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Wednesday, April 23, 2014
Are Organs from Idential Twins Rejected?
I have an identical twin sister and if one of us needed a transplant could the other twin give it to her sister? After the transplant would the twin receiving the transplant need to go on organ rejection medications or would the body not reject it because of being identical twins?
With regards to organ rejection, if the sisters are truly identical, then yes, an organ donation could occur without the need for the recipient to take organ rejection medicine. In fact, when kidney transplantation was first pioneered, only transplants from one identical twin to another were performed because of that very reason - no need for organ rejection medication.
However, whether one living person can donate to a recipient (whether they are identical twins or not) is also dependent on the type of organ being transplanted. For example, one person can easily donate a kidney without suffering significant ill effects from the loss of that single kidney. Taking a part of one person's liver and giving it to another person to serve as the recipient's entire functioning liver is becoming increasingly popular.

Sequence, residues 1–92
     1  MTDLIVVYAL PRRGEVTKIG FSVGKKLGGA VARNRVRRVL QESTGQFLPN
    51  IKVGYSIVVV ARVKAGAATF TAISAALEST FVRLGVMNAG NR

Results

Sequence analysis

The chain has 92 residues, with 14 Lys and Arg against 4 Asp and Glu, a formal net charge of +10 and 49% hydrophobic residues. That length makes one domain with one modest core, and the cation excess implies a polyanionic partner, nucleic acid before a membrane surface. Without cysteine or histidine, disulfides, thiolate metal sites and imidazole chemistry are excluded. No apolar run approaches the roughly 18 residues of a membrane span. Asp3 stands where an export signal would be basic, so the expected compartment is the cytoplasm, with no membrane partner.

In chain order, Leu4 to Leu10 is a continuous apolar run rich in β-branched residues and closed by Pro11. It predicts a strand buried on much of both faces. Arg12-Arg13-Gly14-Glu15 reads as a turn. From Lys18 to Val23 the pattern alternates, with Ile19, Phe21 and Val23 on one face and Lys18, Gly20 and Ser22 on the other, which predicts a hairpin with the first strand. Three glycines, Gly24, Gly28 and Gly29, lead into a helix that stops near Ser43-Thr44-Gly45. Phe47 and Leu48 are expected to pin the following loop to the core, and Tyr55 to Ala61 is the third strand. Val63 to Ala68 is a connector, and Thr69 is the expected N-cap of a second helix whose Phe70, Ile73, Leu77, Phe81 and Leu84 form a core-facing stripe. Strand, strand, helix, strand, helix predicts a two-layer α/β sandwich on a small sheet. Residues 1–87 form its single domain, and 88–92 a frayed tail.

With respect to lung transplantation, at the present time one living person can not donate an entire lung to a recipient. Living donation of lung tissue is performed at a few select centers around the country, but this is performed by taking from one donor a smaller piece of lung tissue (a lobe) and taking another lobe from another donor. These two "harvested" lobes are then transplanted into a single recipient - each lobe taking the place of one of the recipient's diseased lungs.
Thanks for your question!
David R Nunley, MD, FCCP
Former Associate Professor
College of Medicine
The Ohio State University